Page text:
3. My mind works like lightning--one brilliant flash and it is gone.
4. The only time the world beats a path to your door is if you're in the bathroom.
5. I hate sex in the movies. Tried it once. The seat folded up, the drink spilled and the ice, well, it really chilled the mood.
6. It used to be only death and taxes. Now, of course, there's shipping and handling, too.
7. A husband is someone who, after taking the trash out, gives the impression that he just cleaned the whole house.
8. My next house will have no kitchen - just vending machines and a large trash can.
9. A blonde said, 'I was worried that my mechanic might try to rip me off. I was relieved when he told me all I needed was turn signal fluid.'
10. Definition of a teenager? God's punishment....for enjoying sex.
11. As you slide down the banister of life, may the splinters never point the wrong way...
Mused by Sherrill Quinn at 6:23 AM
Thursday, November 12, 2009
Agent Nathan Bransford had an excellent post on Tuesday about query letters, and just what things are important in them. I've said this before and I'll say it again--If you're a writer, you should be reading Nathan's blog on a regular basis. He's got good stuff over there.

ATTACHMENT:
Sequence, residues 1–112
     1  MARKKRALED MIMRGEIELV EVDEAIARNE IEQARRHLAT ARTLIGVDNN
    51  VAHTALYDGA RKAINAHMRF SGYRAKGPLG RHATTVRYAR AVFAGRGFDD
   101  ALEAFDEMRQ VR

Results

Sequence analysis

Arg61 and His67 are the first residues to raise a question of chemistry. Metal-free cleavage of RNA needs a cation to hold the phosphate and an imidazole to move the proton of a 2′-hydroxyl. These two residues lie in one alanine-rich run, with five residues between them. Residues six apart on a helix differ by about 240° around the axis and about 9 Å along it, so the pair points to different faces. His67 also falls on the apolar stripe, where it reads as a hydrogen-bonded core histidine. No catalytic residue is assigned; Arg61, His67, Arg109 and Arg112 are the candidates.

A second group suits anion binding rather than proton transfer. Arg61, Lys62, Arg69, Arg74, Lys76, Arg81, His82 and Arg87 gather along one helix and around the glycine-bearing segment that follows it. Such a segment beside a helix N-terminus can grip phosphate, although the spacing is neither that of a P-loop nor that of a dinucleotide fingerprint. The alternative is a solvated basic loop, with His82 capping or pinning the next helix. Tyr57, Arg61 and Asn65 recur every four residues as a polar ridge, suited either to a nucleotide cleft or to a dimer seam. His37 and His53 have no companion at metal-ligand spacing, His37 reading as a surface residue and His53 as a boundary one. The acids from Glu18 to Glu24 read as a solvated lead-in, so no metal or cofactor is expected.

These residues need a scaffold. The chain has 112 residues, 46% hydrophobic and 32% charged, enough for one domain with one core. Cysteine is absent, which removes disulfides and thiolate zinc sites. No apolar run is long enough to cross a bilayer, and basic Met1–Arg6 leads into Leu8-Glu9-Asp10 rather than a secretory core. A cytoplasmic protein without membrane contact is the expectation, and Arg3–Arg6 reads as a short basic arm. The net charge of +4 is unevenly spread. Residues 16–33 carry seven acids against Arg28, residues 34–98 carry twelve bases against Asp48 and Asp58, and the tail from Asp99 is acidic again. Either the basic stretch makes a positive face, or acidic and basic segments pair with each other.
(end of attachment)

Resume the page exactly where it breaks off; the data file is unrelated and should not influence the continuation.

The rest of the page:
Mused by Sherrill Quinn at 5:58 AM
Tuesday, November 10, 2009
Harlequin has announced the launch of Carina Press(TM), a digital-only publishing house that will operate independently of their traditional publishing businesses. Carina Press will sell its e-books direct-to-consumers via their website.
Angela James, previously with Ellora's Cave and former Executive Editor at Samhain, will be the new venture's Executive Editor, so they're starting out with great experience in their editing area.
Both the contract and distribution channels are different from Harlequin's other divisions, in that:
- Books will be sold direct to consumers through the Carina Press website as well as third party distribution on other websites.
- There is no guaranteed series distribution (no standing order, no direct mail, no overseas translation markets).